for '-he value of a matter ol (act
doft. '-London Spectator.
I
So don't forget the old folks, hoys—Ow y've
iioL forgotten .vou:
Tlioupli ye.irs  liave passed since yon  were
heme,  tlip old [hearts still are true:
And   write  l hem   now   and   tLion  to   bring
the light into their eyoj.
And mnlco the world  glow  < ne amain nnd
bluer gleam the skhH
-Will  T_  Hale.
telegraphers
need"ed"I
Annually, to fill the new positions created by
Railroad and Telegraph companies. We.
want YOUNG MEN and LADIES of good
habits, to   kearn   Telegraphy
AND     R. r. ACCOUNTING.
We furnish 75 per cent of the operators and
Station Agents in America. Our six schools
are the largest exclusive Telegraph Schools in
THE WOULD'. Established 20 years and
endorsed by all leading kailway Officials.
We execute a $200 Bond lo eve.ry student,
to furnish him or her a position paying fiom
$40 to $5o a mouth in States east of the
Rocky Mountains, or from $75 to $100 per
month in States west of the Rockies,—
IMMEDIATELY    ON  GRADUATION
Students can enter tit any time. No vacations. For full particulars regarding any of
our schools, write direct to our executive
office at Cincinnati, O.    Catalogue free.
THE  MORSE   SCHOOL
OF TELEGRAPHY .
Cincinnati, Ohio. Buffalo, N. Y.
Atlanta, Ga. LaCrosse, Wit.
Texarkana, Tex.       S:in Francisco, Cal.
RITiSH COLOMBIA EXPRESS
Clinton and way  points,
MONDAY - WEDNESDAY - FRIDAY
ALL CARTB0O POINTS MONDAY
150 - MILE MONDAY AND FRIDAY
ULLOOET   MONDAY AND FRIDAY
IP
**        is for
dimming,
General Store,
Agent for the 11 X
Miners   Supplies,
Sic.   Lillooet,
Drop -iii
fe C- *
REBAGLIATI
GO via  LYTTON
Leaves
Railway at Lytton
Mondays, Tuesdays,Friday.., Saturdays,
at 7 a.  in.     One hour at noon at   Half-way   House,
Reach Lillooet 5 p. m.  47 miles of Glorious Scenery along the Eraser River.
Returning Tuesdays, Wednesdays, Saturdays & Sundays.
Special Trips  made  by arrangement.
R. REBAGLIATI & Co.
LYTTON.
COKE   by  LYTTON
SHIP by LYTTON
NEWS-ADV ERTISER,
MOST RELIABLE COAST WEEKLY
WILL COST
with  the PROSPECTOR,
$1.50 a YEAR   CASH   WITH ORDER
VANCOUVER, B. 0.
is the western metropolis of Canada
and
THE NEWS-ADVERTISER
Is the newspaper that you should read
if you want to keep abreast of the
times.
Subscription price, Daily, $5.00;
Weekly, $1.00 a year. Send us 2oc for
the Daily for a month and see for yourself   what   we   are. ,
P. O. Box 812. Vancouver, D. C.
'AS/As7iS/A\A,7isA\/A\/.SA ,ASA,/As
DO  YEARS"
EXPERIENCF
A. G. REBAGLIATI,
LYTTOl-T,
GENERAL MERCHANT.
X U1
COPYRIGHTS <_~.C.
Anyone tending n eltcloh and description may
onlokly asncrtiiln our opinion .'reo whether bu
Intention In prohn'.ily patentable. Cortimnnlcn-
tloiisstrictt vcniiilileutlul- Handbook on Patent*
sent fiea. Oldest apenej' for seourliia patents.
Patents taken tnronyli Muitu & Co. receive
Ipf.tal notice, without ctinrKO, iu the
Scientific Jfttericatt.
A handsomely Illustrated weekly. J.arcest, elr-
culutlou of unv solOiltlliU journal. Tonus, 'i'i a
vonrj four months, $1. Soidbyall newsdealers.
Mra&Co.33""5^ New York
Branch OflBco. '''25 F Vi. Wa3t.lu1_K.11, V.i..
It isn't
AN EASTMAN
It Isn't
A KODAK !
ASK  FOR
C-iLT ALO O-XJ-HI
At   Smith   Bros'
Kamloops and Vernon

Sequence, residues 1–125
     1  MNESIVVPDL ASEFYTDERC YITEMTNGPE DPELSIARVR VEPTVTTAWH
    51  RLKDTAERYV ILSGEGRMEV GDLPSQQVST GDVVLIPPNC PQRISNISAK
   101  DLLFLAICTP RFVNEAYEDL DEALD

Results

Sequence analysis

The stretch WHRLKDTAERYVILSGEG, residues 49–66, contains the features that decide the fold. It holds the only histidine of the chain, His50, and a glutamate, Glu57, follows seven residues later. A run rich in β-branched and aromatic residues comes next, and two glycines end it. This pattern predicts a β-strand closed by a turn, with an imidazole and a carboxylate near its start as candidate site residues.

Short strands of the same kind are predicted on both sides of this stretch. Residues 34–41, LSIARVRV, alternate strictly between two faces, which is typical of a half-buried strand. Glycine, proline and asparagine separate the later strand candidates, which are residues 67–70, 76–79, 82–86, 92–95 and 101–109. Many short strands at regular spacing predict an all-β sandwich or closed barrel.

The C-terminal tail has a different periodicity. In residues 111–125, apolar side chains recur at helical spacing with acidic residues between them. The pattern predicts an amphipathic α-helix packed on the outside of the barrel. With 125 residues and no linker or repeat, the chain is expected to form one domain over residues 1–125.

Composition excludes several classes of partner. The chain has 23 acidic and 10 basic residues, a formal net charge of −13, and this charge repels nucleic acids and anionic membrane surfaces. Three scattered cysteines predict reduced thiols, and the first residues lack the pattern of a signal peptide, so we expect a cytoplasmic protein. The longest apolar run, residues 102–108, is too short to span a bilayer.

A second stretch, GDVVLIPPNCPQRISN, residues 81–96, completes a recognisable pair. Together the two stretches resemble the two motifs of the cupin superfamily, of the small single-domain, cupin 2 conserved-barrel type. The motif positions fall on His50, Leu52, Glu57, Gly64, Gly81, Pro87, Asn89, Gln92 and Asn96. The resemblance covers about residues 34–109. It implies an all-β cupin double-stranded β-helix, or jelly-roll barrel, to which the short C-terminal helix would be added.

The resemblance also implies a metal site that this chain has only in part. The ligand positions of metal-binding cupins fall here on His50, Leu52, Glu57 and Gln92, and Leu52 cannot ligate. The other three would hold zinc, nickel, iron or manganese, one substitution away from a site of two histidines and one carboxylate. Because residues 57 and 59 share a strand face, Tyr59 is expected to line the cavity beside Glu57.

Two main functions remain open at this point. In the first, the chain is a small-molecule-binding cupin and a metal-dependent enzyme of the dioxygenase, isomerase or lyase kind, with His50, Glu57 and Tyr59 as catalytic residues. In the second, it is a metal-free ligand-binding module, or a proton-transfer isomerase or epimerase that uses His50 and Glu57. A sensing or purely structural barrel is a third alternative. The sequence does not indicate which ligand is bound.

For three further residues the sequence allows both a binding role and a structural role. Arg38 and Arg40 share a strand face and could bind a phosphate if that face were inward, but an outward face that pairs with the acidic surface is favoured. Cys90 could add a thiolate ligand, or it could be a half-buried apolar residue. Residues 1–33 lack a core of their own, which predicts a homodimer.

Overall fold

BOOK STOBB
NOTICE
I'hereby give notice that 30 days after date
I shall apply lo the Honorable the Chief Commissioner of Lands and Works for permission
to lease So acres, more or less, of meadow
land, stalling at a post about 8 miles South-
West of Lot 195, thence South 40 chains,
thence Wesl 20 chains, tlience North 40
chains, thence East 20 chains toi point of
commencement.
Lac La Hache,       ALAN S. WATSON.
Sept. nth, 1900.
NOTICE
Notice is hereby given that sixty days afler
d;ite I intend to apply to the Chief Commissioner of Lands and Works for permission to
purchase 80 ncres more or less pasture land,
commencing at a post at the nortli end of Lot
70, Lillooet District, thence south 20 chains,
thence east 40 chains, thence west 20 chains,
thence north, 40 chains to point of commencement. AUGUSTINE BQ1TANO.
Alkali Lake, Sept. 18, 1905.
NOTICE
I hereby give nolice thnt 30 days after date
1 intend to apply to the Honorable the Chief
Commissioner of Lands and Works for permission to lease 40 acres of meadow land,
more or lesn, starting at a post ahout 7 miles
south of C.inim Lake Rancherie, thence east
20 chains, thence south 20 chains, ihence west
20 chains, thence north 20 chains to point of
commencement.
Lac La Hache, ALAN S. WATSON
Aug. 26th, '05.
SIDNEY WILUAMS,
_B_B,0~VX2_TCXJ>_.Xj
_E__A~_tsr ZDISTTIR/V* 33 Y'Oie,
QUESNELLE, B. C.
I mi&e a trip through Lillooet District
every summer.
NOTICE
Notice is hereby given that I shall 30 days
from date apply to the Chief Commissioner
of Lands and Works for permission to lease
160 acres of land situated in Lillooet District
commencing at a post placed on the west side
of the Brigade trail, about 4 miles northwest
from Lot 786, thence west So chains, south
20 chains, east 80 chains, north 20 chains, to
the initial post.
Clinton, B. C. ALLAN  BAKER.
Sept. 14,   'o5.
Every man owes it to himself and his
family to master a trade or profession.
Eijad the display advertisement of tho
s:x Morse Schools, of Telegraphy, iti this
issue and learn how easily a young man
or lady may learn telegiaphy and be assured a position.
A little Sunlight Soap will clean
cut glass and other articles until
they shine and sparkle. Sunlight
Soap will wash other tilings than
Clothes. *£
I
1   I